In Tales of the Mystic East, we find the story of Nizamuddin, who was a great saint. It is said that no one who ever approached him came away empty-handed. A poor man who had a daughter to marry off once came to Nizamuddin begging for his help. The saint told the man that whatever offerings came to him in the next three days, he would happily give to the man. Not one offering was given and thus the man was terribly distraught. Nizamuddin, out of compassion and wanting to help the man, offered his shoes to him, telling him that at least he might get some food for the shoes. Disappointed, but thankful, the man took the shoes and set out to return to his home. As the man slowly made his way, he watched Amir Khusro, who had served the king, return with a huge caravan and many possessions.
As Amir approached the man, he began to smell the fragrance of his beloved Satguru (Nizamuddin), and when he passed he noticed the fragrance was behind him. When Amir asked the man where he had come from, the man shared his story of needing money but instead was given the old and worn-out shoes of Nizamuddin. With the love of a devoted disciple, Amir asked if he might buy the shoes from the man for the price of his entire caravan and all but two camels. Overjoyed, the man agreed and rejoiced at his remarkable good fortune.
Within a short time Amir found his beloved Satguru and placed the pair of shoes at his feet. Nizamuddin, smiling, asked: “My son, how much did you pay for such an old pair of shoes?” Amir humbly admitted to giving his entire caravan, his worldly possessions, and all but the two camels. Nizamuddin, smiled and said: “Brother, you paid a very low price indeed … they were truly a tremendous bargain … and actually, you got them for practically nothing!”
Further, Nizamuddin said, “To find a saint of the beloved Lord is the highest good fortune that can come to any man; for the saints are the rarest of jewels in all the world. And the gift of Nam, the Divine Melody of the Word of God that takes one to God, which the saints bestow on their disciples, is a treasure beyond any price. Compared with it, the cost of a caravan and all your worldly possessions is as nothing.”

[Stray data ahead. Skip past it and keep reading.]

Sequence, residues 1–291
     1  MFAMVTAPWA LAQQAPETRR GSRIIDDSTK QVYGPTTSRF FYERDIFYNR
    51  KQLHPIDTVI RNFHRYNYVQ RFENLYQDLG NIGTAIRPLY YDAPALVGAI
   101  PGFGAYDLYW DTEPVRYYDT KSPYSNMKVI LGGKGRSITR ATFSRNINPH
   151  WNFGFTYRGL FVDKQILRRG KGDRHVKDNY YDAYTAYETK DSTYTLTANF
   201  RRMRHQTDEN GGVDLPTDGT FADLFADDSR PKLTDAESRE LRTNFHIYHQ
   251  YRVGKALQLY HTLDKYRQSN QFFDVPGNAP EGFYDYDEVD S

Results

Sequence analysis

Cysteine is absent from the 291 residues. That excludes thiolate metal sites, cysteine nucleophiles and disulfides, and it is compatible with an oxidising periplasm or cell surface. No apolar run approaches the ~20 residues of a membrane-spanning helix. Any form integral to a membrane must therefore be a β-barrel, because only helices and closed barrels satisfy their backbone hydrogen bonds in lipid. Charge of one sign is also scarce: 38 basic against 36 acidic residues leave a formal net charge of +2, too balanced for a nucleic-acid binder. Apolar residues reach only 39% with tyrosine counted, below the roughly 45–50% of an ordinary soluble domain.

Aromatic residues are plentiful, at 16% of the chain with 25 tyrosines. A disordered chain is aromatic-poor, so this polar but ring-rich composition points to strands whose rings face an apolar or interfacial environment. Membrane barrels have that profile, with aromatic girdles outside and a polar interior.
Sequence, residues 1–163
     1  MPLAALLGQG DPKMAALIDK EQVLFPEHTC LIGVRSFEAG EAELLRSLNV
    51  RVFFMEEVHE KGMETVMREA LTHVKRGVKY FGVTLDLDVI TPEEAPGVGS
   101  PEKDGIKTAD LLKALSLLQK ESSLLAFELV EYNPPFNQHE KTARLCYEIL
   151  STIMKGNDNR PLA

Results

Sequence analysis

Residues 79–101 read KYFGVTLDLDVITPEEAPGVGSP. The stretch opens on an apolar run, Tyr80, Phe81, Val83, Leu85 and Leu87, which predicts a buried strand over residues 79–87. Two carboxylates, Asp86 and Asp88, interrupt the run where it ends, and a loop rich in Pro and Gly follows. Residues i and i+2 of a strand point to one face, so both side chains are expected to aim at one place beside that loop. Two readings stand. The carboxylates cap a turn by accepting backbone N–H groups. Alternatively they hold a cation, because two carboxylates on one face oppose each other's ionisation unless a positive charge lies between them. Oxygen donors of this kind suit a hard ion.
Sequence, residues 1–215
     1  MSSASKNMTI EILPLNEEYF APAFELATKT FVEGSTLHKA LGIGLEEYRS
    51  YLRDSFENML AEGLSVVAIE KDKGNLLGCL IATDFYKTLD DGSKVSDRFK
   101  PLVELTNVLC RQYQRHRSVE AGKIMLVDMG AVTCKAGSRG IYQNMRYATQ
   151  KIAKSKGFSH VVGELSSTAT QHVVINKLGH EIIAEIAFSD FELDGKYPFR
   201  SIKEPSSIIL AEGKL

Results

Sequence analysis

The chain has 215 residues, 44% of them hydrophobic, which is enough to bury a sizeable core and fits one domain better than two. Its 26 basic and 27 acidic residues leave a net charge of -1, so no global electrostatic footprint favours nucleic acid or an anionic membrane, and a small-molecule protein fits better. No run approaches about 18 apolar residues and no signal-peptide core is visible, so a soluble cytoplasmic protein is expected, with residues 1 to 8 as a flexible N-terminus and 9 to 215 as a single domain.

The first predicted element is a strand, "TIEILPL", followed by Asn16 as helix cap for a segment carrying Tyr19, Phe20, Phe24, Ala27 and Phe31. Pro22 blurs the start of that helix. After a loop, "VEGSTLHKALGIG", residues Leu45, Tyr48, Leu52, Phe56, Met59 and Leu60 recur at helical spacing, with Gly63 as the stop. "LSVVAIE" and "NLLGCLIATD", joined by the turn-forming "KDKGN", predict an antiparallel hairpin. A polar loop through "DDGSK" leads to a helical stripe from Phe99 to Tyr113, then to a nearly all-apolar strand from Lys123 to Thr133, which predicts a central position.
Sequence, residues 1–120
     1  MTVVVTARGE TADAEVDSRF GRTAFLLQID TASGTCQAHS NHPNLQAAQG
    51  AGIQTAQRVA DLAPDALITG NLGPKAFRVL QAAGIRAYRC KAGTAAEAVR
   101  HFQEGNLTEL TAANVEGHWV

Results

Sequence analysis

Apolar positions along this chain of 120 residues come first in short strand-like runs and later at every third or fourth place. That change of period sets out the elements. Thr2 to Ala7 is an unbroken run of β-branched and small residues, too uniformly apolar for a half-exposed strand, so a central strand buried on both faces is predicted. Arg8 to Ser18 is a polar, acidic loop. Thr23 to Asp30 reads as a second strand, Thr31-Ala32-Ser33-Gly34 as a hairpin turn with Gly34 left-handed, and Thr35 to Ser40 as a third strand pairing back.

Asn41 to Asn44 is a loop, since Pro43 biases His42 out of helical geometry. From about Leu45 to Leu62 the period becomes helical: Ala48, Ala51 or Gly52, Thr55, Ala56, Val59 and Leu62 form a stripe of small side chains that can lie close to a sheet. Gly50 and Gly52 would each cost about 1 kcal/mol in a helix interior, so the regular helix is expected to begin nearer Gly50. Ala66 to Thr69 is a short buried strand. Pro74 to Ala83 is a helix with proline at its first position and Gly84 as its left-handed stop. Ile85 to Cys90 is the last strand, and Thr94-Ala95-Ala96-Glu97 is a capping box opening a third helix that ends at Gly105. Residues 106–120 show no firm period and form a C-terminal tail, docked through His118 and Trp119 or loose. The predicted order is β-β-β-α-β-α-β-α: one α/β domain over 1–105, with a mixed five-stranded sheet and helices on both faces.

Over and over again, we are reminded of the boon of having a living saint to teach us the way home. In the bargain we get the perfect trifecta! The realized teacher, the perfect method, and the promise that we will be delivered to our home. Until we realize what this bargain really is, it can be confusing and at times we get discouraged. Until we realize that the Guru is doing whatever he can to help us reverse the flow from outward to inward, we don’t always experience the journey as such a great bargain. As Hazur used to remind us: we can walk home with him hand in hand, or he can pull us by the ear! Sometimes the Guru has to get tough with us to get our attention.
Why do we need to make this “deal”? Why the need for such a bargain? It is because for lifetimes we have accumulated so many karmas that without the help of a Master we cannot remove the karmas, we cannot release the soul from the senses and the mind. Without the Master helping us to remove the karmas, we cannot let go of the illusion and remember that we are not really these bodies and minds that must die and be reborn, but rather we are pure soul. We have forgotten our origin. Our stories are all the same, like some strange science fiction film in which somehow we have become entrapped in an alien form and cannot access who we truly are. We are soul but cannot get free. Ours is a journey, one in which we don’t know where we are starting from, nor do we remember our destination. We don’t even know how long it will take to free the soul or to clear our karmas.